(When you get tired of the whining, just jump to the paragraph after where it’s marked, “Here’s the important point.”)
I am tempted to joke, again, about the Ann Hedonia film festival. I could give you an imaginary roster of “famous film noir classics” in which the protagonist manages to maintain a dour demeanor of depressed indifference, even as tragically heroic actions preserve and protect others, without emotionally, mentally, socially, physically, or spiritually benefitting the movie’s central character.
Still, Ann Hedonia keeps making personal appearances, bringing her black dog along with her. And even though her roots are starting to show, that doesn’t stop her from bringing the twins out to offer their equally sour succulents, spines and all. She fulfills her usual typecasting, diminishing any desire to pursue otherwise enjoyable activities. But she’s expanded her repertoire to include a diminished enjoyment of even those activities I manage to pursue. In short, I don’t do fun stuff. And on those occasions when I do what used to be fun stuff, I don’t find it fun. And that’s before the black dog finds a quiet corner in which to do his business.
You won’t find her at IMDB (Internet Movie Data Base), and searching for her elsewhere may lead you to some very different conclusions than her personification of anhedonia, the inability to derive pleasure from otherwise pleasurable activities. As you can imagine, there is no fan club. (I think Sylvia Plath talked about maybe trying to organize something, but she doesn’t return my calls.)
If it seems that I am stalling, then you’re being perceptive. If you know me well, then you probably know that there have been good reasons to be, temporarily, sad. True, the San Francisco Giants are not in the playoffs, but it’s an odd-numbered year. And whatever business the Forty-Niners are pursuing is likely to self-correct, eventually. But some of you know about the long string of close personal deaths. Others are aware of the disappointing return on several deeply personal investments (involving the return of the abused to their abuser, the addict to their addiction, and the repeated disappearances of the purportedly devoted). There are other struggles that I pretend are invisible even to those closest to me. But the lie is wearing thin.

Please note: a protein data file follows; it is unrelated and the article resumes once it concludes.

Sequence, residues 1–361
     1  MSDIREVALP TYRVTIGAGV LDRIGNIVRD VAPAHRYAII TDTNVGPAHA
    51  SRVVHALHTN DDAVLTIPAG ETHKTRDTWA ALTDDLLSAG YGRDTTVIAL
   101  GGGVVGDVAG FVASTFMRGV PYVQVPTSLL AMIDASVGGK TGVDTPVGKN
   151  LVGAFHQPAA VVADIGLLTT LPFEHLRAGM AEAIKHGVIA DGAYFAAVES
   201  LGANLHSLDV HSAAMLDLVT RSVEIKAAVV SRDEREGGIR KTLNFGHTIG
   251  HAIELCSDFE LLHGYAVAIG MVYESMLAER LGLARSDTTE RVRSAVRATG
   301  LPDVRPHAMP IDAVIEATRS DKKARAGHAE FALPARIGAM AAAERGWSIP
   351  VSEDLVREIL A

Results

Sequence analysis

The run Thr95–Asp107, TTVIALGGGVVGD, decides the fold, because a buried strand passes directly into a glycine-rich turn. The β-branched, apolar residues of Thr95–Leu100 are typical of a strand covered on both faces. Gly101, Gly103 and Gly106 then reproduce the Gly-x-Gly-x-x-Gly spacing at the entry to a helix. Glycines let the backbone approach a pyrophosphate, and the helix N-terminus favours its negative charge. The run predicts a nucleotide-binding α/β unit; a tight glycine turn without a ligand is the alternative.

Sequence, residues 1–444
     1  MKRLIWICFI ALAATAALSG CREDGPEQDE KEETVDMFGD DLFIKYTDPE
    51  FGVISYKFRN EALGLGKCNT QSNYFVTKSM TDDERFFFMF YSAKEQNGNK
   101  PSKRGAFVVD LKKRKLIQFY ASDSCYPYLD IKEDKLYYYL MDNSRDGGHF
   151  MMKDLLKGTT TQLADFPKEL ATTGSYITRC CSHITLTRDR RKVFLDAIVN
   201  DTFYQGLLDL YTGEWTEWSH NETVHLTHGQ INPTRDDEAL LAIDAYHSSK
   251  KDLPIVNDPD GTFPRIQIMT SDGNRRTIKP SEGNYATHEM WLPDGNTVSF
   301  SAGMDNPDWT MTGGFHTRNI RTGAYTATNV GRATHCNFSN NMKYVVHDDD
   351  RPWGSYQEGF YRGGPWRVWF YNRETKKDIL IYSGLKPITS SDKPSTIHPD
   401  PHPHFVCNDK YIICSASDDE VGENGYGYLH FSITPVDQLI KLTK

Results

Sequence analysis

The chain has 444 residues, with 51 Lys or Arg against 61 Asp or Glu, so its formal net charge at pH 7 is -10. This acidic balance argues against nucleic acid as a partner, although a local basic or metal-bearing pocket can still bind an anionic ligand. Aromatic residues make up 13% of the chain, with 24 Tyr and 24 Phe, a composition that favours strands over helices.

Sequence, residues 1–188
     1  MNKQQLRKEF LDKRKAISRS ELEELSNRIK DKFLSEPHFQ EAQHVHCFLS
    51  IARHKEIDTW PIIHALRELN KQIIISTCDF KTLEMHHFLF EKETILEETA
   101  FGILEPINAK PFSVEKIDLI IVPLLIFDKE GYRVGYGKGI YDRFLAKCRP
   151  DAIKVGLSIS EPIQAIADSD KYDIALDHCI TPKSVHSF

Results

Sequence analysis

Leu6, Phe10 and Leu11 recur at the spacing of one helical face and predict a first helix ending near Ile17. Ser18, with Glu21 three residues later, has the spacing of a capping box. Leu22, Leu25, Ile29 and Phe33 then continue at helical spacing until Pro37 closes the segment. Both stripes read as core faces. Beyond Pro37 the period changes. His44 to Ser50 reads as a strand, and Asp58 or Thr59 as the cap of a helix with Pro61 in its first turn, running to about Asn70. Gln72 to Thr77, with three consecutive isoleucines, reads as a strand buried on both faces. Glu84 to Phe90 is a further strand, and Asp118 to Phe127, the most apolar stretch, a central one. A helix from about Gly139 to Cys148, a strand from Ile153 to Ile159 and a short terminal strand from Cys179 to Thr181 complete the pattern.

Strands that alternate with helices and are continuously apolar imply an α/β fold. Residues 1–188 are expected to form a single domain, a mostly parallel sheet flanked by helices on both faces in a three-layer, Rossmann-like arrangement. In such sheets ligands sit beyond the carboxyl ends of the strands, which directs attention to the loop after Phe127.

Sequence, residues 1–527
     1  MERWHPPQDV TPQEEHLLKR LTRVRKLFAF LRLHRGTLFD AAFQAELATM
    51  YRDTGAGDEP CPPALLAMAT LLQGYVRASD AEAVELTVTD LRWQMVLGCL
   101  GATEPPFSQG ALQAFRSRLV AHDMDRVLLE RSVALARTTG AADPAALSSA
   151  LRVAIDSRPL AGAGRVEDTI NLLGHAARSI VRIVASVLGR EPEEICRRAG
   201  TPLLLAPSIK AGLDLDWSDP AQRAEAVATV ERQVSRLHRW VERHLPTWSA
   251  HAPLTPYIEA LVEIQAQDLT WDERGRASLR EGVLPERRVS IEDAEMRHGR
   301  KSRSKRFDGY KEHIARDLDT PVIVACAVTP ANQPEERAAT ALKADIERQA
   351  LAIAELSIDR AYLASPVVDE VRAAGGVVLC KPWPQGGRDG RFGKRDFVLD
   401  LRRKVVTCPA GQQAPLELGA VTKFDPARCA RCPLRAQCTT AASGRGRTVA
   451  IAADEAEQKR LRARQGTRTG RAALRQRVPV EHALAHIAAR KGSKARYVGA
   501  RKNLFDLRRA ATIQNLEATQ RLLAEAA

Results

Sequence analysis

Yet all of you, I imagine—and, frankly, I myself—remain acutely aware of the many resources, benefits, and blessings not only available, but stocked deep in my personal inventory. And that’s where the key problem lies for many of us.
I perceive myself as having no standing from which to advocate for those experiencing mental illness. I am functioning, even as I find it difficult to have fun. (And I really do believe that fun is overrated as an evaluative category of life anyway.) Many others are struggling far more with far less ability to do anything about it. I can afford the counselor that I, until recently, avoided. I can adjust my diet and exercise in an attempt to foster endorphin production. (And I have, but it didn’t. Hence the counselor appointment.) There is no legitimate reason for me to be depressed—which further depresses me while simultaneously shaming me. No wonder I don’t get invited to many parties any more.
And yet, if I cannot speak about depression because I am not depressed enough, am I asking those who are more depressed than I am to bear the greater burden for communicating their needs? It would seem so.